July 21, 2017

Barbados Sightseeing - St. Nicholas Abbey

St. Nicholas Abbey is the second to last remaining authentic house of the 17th Century that exists anywhere in the "New World". When this residence was built around 1650 of brick and limestone, many of the structures in the North America were made of timber, and have long since perished.

The residence was built only 23 years after Barbados' settlement by the British in 1627, so it is of significant historical value to the island and as such its preservation and continuing access to the public and, display as a heritage tourism site is fundamental to the overall marketing and business plan.

Distinguishing features of this magnificent, well-preserved mansion are: curved Dutch gables, chimney stacks and coral stone finials, a Chinese Chippendale staircase and fine antiques and china. A rare 1930s film of sugar plantation life can also be viewed.

St. Nicholas Abbey is not without its tale of tragedy. . . The house appears to have been built by Colonel Benjamin Berringer. His neighbor, friend, and business partner was John (later Sir John) Yeamans. When Yeamans began to pay attention to Mrs. Berringer, a feud erupted between Yeamans and Colonel Berringer, culminating in a duel in which Berringer was killed. Soon afterwards, Sir John married Mrs. Berringer and claimed the Abbey. A court ruling later returned the property to Berringer's children and the property was named after Berringer's grand-daughter who married George Nicholas.

Meanwhile, Sir John and Berringer's widow left Barbados in 1669 and helped found the colony that is South Carolina, USA, with Sir John eventually becoming Governor of that settlement in 1672. When he died two years later, his widow married again... for the third time!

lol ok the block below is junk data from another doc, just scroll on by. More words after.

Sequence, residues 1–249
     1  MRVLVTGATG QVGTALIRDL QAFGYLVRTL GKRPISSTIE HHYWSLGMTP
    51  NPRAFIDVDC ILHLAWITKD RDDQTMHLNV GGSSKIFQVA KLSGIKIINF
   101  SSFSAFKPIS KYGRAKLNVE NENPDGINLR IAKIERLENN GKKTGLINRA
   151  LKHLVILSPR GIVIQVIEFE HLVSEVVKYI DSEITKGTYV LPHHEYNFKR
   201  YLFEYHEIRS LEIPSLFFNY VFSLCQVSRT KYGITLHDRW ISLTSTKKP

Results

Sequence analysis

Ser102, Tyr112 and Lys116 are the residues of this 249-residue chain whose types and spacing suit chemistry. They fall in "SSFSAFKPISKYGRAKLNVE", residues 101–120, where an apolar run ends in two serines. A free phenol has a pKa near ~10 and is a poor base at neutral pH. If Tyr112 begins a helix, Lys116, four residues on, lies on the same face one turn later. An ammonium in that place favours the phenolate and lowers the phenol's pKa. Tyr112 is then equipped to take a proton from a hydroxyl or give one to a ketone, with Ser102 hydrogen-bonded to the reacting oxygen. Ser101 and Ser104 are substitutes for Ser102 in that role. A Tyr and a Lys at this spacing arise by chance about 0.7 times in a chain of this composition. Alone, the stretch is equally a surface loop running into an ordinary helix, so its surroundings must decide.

The tour of the ground floor explains some unusual furniture such as a 1930s reading chair, perhaps a forerunner to the modern lazy boy lounger. Of note is a fine collection of mahogany furniture, some with cane seats in the local style to keep the sitter cool. A few of the pieces have been in the house since 1810. Many fine porcelain and glass pieces, plus stunning fresh flower arrangements raise the house above the ordinary.

The house is still in the hands of a family which has owned it for generations and the current owner still greets guests. At the end of the tour, guests are shown a holiday film the owner's father shot in the 1930's. It shows the sea voyage to Barbados from England, being rowed ashore at Bridgetown and life on the plantation around St. Nicholas Abbey.

The pretty gardens are well kept. The rustic ruins of the farm buildings and old windmill adjacent to the house offer a certain charm.

Admission: $15.00 USD for Adults, $10.00 USD for Children
Hours: Sunday – Friday 10:00am - 3:30pm

St Nicholas Abbey
Northern Hills, St Andrew
Tel: (246) 422-8725
heritagetourism@stnicholasabbey.com